An **abstract machine**, also called an **abstract computer**, is a theoretical model of a computer hardware or software system used in automata theory. Abstraction of computing processes is used in both the computer science and computer engineering disciplines and usually assumes a discrete time paradigm.

Information

In the theory of computation, abstract machines are often used in thought experiments regarding computability or to analyze the complexity of algorithms (*see* computational complexity theory). A typical abstract machine consists of a definition in terms of input, output, and the set of allowable operations used to turn the former into the latter. The best-known example is the Turing machine.

Abstract data types can be specified in terms of their operational semantics on an abstract machine. For example, a stack can be specified in terms of operations on an abstract machine with an array of memory. Through the use of abstract machines it is possible to compute the amount of resources (time, memory, etc.) necessary to perform a particular operation without having to construct a physical system.

More complex definitions create abstract machines with full instruction sets, registers and models of memory. One popular model more similar to real modern machines is the RAM model, which allows random access to indexed memory locations. As the performance difference between different levels of cache memory grows, cache-sensitive models such as the external-memory model and cache-oblivious model are growing in importance.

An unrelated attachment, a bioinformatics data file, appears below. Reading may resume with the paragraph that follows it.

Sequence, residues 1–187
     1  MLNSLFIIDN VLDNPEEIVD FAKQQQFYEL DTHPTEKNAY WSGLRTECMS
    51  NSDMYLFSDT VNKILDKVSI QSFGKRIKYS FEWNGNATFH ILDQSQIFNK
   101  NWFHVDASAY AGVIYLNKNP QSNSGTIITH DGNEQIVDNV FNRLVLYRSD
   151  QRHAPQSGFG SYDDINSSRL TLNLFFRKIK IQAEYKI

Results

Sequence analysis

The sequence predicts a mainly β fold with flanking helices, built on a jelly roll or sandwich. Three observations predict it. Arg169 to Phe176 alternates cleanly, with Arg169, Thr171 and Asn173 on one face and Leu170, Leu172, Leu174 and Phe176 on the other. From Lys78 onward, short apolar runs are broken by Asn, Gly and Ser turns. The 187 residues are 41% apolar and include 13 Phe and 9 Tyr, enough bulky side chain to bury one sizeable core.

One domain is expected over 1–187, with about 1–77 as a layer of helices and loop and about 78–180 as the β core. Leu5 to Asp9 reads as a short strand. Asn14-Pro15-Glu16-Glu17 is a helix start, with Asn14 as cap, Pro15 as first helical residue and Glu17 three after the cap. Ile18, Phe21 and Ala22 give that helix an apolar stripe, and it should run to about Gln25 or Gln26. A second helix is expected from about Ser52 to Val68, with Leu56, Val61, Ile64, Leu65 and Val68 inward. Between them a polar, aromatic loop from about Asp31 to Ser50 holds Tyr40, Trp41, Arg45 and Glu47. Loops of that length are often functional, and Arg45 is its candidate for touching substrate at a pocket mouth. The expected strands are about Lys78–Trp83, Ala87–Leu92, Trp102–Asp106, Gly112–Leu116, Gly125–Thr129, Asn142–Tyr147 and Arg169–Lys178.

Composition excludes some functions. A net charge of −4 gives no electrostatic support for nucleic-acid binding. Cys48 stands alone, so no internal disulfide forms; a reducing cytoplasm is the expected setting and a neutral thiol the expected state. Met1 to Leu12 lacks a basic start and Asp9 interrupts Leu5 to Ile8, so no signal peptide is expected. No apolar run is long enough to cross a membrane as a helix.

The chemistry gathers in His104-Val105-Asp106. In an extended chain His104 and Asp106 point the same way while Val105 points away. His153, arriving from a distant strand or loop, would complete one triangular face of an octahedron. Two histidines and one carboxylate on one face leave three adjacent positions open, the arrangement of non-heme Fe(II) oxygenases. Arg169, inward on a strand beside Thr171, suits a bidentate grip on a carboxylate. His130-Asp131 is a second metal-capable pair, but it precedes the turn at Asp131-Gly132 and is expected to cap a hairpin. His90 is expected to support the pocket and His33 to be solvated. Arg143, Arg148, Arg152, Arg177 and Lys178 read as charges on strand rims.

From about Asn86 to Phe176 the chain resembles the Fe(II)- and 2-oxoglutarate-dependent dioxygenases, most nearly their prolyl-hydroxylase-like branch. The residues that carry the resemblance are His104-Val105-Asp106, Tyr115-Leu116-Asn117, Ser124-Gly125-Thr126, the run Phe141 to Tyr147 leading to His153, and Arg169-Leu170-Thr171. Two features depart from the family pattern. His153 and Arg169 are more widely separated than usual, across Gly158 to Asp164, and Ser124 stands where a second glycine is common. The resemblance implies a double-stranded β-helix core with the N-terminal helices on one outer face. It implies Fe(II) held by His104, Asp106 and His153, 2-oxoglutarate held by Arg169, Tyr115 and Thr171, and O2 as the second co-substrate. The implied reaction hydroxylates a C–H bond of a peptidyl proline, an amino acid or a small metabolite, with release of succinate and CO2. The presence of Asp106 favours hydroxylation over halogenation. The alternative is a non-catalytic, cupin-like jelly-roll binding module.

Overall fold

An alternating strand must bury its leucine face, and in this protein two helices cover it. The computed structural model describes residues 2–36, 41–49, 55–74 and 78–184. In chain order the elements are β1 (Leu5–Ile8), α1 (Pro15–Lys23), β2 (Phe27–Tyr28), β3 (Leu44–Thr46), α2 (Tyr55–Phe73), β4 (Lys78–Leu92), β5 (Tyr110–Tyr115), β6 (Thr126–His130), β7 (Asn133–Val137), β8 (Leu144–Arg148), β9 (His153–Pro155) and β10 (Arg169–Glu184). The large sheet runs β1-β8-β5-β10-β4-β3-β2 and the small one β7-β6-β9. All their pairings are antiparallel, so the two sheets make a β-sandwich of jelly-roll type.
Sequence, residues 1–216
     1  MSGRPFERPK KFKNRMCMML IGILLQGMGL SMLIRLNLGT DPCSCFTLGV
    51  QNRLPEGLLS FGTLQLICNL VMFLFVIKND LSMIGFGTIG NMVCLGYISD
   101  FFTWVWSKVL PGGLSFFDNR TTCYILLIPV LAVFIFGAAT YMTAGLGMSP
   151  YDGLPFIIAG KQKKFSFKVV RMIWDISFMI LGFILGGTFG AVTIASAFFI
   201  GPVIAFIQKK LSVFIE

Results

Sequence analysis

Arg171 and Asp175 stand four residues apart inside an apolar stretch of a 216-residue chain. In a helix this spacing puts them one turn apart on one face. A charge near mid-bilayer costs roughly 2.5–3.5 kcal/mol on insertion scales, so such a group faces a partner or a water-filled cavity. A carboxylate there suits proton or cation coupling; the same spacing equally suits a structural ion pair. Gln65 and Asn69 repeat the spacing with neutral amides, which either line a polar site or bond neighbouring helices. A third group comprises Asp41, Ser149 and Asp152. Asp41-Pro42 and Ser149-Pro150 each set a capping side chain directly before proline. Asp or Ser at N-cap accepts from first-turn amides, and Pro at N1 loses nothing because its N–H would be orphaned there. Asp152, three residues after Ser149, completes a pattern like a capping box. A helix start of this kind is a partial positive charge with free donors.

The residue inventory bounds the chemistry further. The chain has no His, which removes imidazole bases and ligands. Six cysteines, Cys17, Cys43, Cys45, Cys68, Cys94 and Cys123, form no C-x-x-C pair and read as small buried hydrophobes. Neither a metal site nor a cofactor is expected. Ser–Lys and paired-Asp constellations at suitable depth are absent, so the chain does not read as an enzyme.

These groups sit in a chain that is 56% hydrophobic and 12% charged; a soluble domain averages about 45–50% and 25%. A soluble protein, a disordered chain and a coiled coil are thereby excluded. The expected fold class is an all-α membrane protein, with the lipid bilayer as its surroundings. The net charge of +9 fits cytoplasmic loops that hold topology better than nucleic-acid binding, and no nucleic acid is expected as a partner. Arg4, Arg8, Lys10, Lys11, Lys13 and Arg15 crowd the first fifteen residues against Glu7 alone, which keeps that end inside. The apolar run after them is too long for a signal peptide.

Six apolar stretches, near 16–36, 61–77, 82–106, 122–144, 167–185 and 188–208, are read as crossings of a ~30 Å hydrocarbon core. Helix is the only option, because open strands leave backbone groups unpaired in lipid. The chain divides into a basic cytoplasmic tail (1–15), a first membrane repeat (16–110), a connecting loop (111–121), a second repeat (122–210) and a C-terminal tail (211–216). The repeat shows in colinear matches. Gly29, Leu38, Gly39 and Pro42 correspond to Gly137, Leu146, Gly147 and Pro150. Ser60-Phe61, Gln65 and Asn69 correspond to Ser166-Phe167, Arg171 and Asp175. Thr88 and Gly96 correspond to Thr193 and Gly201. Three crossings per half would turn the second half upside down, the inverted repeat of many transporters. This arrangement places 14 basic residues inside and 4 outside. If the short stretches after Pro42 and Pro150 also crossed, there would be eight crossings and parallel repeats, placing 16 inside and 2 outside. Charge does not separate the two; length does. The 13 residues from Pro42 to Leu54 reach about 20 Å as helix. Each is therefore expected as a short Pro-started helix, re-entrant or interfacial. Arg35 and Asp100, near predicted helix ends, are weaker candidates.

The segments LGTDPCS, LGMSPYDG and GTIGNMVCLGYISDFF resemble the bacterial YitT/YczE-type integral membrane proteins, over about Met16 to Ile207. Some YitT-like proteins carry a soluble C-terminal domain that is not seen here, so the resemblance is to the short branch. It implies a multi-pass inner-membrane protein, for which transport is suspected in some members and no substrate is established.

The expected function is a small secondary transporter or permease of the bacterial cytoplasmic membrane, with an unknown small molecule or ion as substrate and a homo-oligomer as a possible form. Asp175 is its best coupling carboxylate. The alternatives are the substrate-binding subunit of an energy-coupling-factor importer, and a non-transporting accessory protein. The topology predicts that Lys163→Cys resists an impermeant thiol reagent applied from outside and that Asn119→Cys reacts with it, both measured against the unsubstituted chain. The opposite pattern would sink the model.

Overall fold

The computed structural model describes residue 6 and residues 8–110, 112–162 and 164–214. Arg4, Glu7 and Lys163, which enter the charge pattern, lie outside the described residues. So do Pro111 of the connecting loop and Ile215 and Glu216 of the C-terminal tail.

An abstract machine can also refer to a microprocessor design which has yet to be (or is not intended to be) implemented as hardware. An abstract machine implemented as a software simulation, or for which an interpreter exists, is called a virtual machine.

- Parallel random-access machine, the de facto standard model.
^{[1]} - SECD machine
- State space
- Turing machine

References

**^***B. Skillicorn (2005). Foundations of Parallel Programming. Cambridge University Press. p. 18. ISBN 978-0-521-01856-2.*

- This article is based on material taken from the
*Free On-line Dictionary of Computing*prior to 1 November 2008 and incorporated under the “relicensing” terms of the GFDL, version 1.3 or later.